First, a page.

In addition, United Way Inc. has more than $25 million in reserves that could be used to cushion any shortfall. It also maintains as much as $55 million at a time in funds that are earmarked for its agencies, but have not been disbursed, according to internal financial reports that McNamara maintained in confidence until they were obtained by The Times from other sources.
Low Per-Capita Ranking
United Way Inc. is the largest of the 2,200 local United Ways in the nation, but it ranks a distant 24th among the 25 largest in money raised per capita, falling far behind such other Sunbelt cities as San Jose and Dallas. If the Los Angeles area United Way raised money at the average rate of the 25 largest United Ways, the Los Angeles goal this year would have been $152 million.
Significantly increasing United Way’s income will require developing more volunteers, McNamara said. “Involvement, that’s the key,” he said, pointing to United Way’s efforts to attract Asians and Hispanics in order to broaden the sense of community ownership of United Way.
Maury Rosas, vice chair of the United Way regional board for the San Fernando Valley, said that, “In the past two years United Way has opened its arms (to Latinos) and overall they have done a very, very admirable job.”
Rosas credits the change to executives on the United Way corporate board, notably George Moody of Security Pacific Bank, Lodwrick M. Cook of Atlantic Richfield and Gerald Foster of Pacific Bell, who is Rosas’ boss.
But Rosas said, as did others, that “we have a long way still to go.”
One indication of how far is in literature distributed by United Way Inc.
The United Ways in Ventura and Orange counties print service directories in English and Spanish using paper stock of equal quality and containing identical details on what member agencies do, their telephone numbers and addresses.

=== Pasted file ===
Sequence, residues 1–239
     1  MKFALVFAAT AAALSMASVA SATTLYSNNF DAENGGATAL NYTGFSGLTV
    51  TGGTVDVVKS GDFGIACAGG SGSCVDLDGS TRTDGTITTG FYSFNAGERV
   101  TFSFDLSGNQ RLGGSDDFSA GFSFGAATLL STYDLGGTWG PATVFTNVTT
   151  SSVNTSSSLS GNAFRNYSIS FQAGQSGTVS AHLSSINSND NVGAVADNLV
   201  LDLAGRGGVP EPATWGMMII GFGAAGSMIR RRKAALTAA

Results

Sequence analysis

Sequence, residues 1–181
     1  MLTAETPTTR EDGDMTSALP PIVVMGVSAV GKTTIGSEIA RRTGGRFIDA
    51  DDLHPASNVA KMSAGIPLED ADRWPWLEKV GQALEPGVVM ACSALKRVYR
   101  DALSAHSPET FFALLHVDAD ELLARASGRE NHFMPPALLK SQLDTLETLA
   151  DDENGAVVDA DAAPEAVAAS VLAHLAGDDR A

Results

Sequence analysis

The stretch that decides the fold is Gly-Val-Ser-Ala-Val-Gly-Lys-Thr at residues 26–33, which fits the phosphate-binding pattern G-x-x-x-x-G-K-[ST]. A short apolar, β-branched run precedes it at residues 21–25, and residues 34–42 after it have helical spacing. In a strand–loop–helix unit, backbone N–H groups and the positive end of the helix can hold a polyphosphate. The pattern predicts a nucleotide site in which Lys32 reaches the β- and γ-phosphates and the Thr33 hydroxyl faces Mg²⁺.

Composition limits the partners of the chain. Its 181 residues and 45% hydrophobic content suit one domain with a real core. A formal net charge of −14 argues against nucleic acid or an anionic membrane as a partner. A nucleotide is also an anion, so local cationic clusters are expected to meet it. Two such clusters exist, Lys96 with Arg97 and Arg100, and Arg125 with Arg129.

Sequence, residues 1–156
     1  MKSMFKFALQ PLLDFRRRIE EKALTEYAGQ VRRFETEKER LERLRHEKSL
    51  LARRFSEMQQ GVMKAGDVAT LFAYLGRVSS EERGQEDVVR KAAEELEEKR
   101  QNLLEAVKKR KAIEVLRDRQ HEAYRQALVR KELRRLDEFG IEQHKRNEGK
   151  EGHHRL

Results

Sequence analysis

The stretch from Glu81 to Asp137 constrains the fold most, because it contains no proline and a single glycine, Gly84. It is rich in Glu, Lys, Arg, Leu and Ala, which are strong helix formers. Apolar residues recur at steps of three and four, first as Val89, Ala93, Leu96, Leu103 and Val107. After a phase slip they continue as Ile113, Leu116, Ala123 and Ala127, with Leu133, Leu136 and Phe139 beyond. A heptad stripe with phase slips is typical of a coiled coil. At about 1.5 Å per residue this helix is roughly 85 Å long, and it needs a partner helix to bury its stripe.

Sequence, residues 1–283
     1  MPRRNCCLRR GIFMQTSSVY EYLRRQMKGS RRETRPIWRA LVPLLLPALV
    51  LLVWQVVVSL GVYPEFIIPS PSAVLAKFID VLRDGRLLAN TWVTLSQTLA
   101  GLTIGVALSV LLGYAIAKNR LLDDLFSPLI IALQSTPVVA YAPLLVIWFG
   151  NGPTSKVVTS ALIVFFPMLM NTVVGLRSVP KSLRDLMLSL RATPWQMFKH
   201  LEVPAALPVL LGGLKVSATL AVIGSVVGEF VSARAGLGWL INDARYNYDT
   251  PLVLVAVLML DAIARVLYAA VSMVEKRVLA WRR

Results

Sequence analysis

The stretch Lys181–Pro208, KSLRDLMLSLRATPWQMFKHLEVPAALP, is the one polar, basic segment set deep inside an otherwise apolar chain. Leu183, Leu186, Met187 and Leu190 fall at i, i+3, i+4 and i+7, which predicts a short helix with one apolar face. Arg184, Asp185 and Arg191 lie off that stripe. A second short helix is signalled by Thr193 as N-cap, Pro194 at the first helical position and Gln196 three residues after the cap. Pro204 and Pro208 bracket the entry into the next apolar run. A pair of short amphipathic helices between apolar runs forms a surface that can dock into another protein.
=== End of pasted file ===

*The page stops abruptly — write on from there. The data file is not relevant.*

“All the materials we produce need to be the same quality because it says everyone is of the same quality and in a democracy that is where the action is,” said Tom Ruppanner, who was the Ventura County United Way executive director until he moved to the Honolulu United Way recently.
The Los Angeles area United Way, however, does not follow such a policy.
The English language version of its directory of services is a booklet listing each agency, describing its services and giving its telephone number and address. But the Spanish language version is printed on a single sheet of paper that folds up like a highway map and, in small type, gives only the names and telephone numbers of agencies.
Analysis of Census Bureau data by the Southern California Assn. of Governments indicates that Los Angeles County has nearly as many Korean-speaking residents today as Ventura County has Spanish-speaking residents. But the Los Angeles area United Way does not print its service directory in Korean, a spokesman said.
“Not providing materials of equal quality is an issue with me and with others,” said Larry Gonzalez, a Los Angeles Unified School District trustee and member of the regional United Way board for the downtown area. He said Latinos cannot be expected to give more money to United Way until it stops such practices.
McNamara said this year’s United Way campaign has been troubled by massive cuts in staffing at Atlantic Richfield and other major corporations which have been strong United Way supporters.
But five high-level campaign volunteers and four United Way professionals said the shortfall also reflects United Way’s focus on the 100 largest corporations and government agencies where it can solicit workers directly.
“The entire focus is on the top 100 accounts,” one United Way fund-raising executive explained. “The strategy is to keep getting those accounts to produce 10% more year after year. The next tier of accounts and all the places that have no campaign or a token one get far too little attention.”
A breakfast meeting last week hosted by Security Pacific Corp. illustrates how many firms United Way has not recruited. Invitations were sent to 300 downtown employers who do not have United Way campaigns.
McNamara said he is aware of the problem and is trying to cope with it. He said getting more accounts does not require any additional staff, but does require recruiting more volunteers. He said some companies are also very resistant to United Way, citing a firm with 4,000 employees that he said he and top volunteers have been trying to recruit for a decade.